They were caught and jailed. But although they confessed to the Guildford bombings, the information was never acted upon.
While Anne's faith helped her through her prison term and Vincent was "the nicest fella you would ever meet, everyone loved him, even the screws", Patrick took the stretch in prison very hard.
If before he was an occasionally naughty teenager, running around Kilburn with his mates and dreaming of joining the army, afterwards he drank heavily, used drugs and broke the law.
In prison, he swiftly acquired a tough exterior to survive.
"I was brought up by two good parents and, before I was 13, we had a happy life. I was a bit fiery but I wasn't a thug or a bully. But guilty or not guilty, you learn the same things in jail. When you are put into a position that is hostile and frightening, it's sink or swim. I swam. You have to stand up for yourself."
For years afterwards, he was consumed with fury at the police, Gerry Conlon and others.
"My mum always said the anger was only hurting myself. I had to let go of it. It was killing me and I didn't want to pass it onto my kids - it's their history but it's not their trouble.
"Perhaps it was to do with my dad dying. It broke my heart. I had lost him once when he went to prison and I lost him again.
"I didn't want to be carrying that anger around and I hit a crossroads. I could've gone left, but instead I went right and decided to get on with life."
He finally shook hands with Conlon in 2005 when they attended a private apology from Tony Blair at Westminster.
Maguire hadn't spoken to him since he was 13 but, as they walked down a corridor, he extended his hand and received a huge hug. It was the best thing about that day, he says.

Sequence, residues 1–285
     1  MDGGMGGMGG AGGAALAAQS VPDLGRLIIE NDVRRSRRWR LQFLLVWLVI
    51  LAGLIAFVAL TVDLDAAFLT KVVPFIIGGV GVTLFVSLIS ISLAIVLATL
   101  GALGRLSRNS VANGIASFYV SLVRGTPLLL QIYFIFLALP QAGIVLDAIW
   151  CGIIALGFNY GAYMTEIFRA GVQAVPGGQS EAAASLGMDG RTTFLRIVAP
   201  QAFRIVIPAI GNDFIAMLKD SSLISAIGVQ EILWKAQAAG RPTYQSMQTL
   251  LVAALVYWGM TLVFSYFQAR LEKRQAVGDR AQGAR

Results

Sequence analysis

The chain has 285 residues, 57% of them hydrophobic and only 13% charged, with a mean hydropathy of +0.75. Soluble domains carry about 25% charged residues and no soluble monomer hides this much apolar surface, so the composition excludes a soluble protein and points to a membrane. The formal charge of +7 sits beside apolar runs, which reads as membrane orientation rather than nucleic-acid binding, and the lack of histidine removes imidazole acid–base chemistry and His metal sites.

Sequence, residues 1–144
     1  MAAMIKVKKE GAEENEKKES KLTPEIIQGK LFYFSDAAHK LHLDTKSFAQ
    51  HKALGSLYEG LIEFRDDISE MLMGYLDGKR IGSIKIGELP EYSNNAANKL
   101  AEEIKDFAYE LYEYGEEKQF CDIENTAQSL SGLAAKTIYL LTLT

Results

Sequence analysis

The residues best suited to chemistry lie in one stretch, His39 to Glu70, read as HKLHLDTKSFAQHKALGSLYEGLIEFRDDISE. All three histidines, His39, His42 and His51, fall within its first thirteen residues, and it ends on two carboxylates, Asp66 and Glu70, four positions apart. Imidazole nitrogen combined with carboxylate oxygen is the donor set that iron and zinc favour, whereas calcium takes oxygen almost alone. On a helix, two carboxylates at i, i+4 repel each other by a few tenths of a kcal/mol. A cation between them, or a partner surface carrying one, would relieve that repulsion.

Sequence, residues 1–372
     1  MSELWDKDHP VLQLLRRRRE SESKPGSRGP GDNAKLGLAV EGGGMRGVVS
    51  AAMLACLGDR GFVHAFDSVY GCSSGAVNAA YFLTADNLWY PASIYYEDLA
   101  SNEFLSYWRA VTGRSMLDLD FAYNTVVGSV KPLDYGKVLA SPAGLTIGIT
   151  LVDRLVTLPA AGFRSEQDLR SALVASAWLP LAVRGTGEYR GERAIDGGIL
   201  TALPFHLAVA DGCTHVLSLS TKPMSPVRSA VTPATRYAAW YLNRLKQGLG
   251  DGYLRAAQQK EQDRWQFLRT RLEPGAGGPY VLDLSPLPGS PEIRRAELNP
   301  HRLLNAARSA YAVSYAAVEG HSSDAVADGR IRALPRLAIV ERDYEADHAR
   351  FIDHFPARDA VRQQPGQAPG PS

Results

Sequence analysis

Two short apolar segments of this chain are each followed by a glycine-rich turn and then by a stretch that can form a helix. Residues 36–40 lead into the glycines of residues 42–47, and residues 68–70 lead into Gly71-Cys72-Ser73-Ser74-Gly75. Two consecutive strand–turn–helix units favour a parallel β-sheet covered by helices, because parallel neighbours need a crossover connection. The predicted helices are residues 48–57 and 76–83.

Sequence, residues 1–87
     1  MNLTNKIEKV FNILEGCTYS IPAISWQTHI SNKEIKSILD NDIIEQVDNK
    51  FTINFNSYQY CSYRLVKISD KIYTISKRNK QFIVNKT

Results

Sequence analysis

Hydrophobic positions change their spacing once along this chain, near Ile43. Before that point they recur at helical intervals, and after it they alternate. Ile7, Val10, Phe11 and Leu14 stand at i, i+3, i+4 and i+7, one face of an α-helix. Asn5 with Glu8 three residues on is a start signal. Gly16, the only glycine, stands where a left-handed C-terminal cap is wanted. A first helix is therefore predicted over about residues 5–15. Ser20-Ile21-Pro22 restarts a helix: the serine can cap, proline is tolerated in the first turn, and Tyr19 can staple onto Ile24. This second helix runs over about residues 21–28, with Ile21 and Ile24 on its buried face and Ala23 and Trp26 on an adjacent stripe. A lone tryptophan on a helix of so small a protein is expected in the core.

"For all those years I would have killed him if I'd seen him. It was a release for me.
"He has been carrying it around with him and has his own demons and who am I to punish him? I have done so much in my own life I shouldn't have done."
Around the same time, he had a breakdown, was diagnosed with bipolar disorder and post-traumatic stress disorder, and began to write his story down - a process which has clearly helped him to heal.
"I burned out. I had never faced what I had been through before. It has been my life.
"I haven't carried it around like a stone all the time but I have been up and down and I have been in bits.
"I have tried to get on and put it behind me and move forward but the system, the police, didn't allow me to.
"After I got out of the Priory, I chose to remember it and take some control of it for the first time but it was bloody hard.
"All of a sudden you are opening up doors that you have left shut all your life."
His story My Father's Watch (Harper Perennial, �7.99)
out now in paperback, is heartbreaking, perhaps because it gives the most harrowing details of beatings and interrogations in unsentimental factual terms.
But you cannot escape the tragedy of a fearful, innocent
14-year-old Maguire locked in a prison cell for the first time.
A father of three and now a grandfather, he says that, after all these years, the book is not about "headhunting" but about looking hard at his own life.
"This life has taken so much out of me, so this other half of my life I want to be in control of and take advantage of.
"For years and years we were going through this crap and no-one cared or listened.
"It is good to have this day and say, 'This is the people we are, the people you read about at the time, evil Aunt Annie and her family of bombmakers.'"
Maguire says it makes him think about the many Muslim families who share his council block, how they move around with heads bowed, and are treated with suspicion.
And he thinks about the men released from Guantanamo Bay, about whether they were ever where they were said to be, committing acts of terrorism.
His life seems good now. He lives alone in his uncluttered flat, but his sons visit often.
His youngest Billy is around the same age as he was when he went to jail and the poignancy of it all has worked its way into the art that he loves to work on.
"I am on this long road. I wake up and every single day it's still a struggle," he says, looking around his home.
"When I first moved in, the flat was derelict like me. I have slowly done it up. It's got a great view, like an aquarium but I would like to get out one day."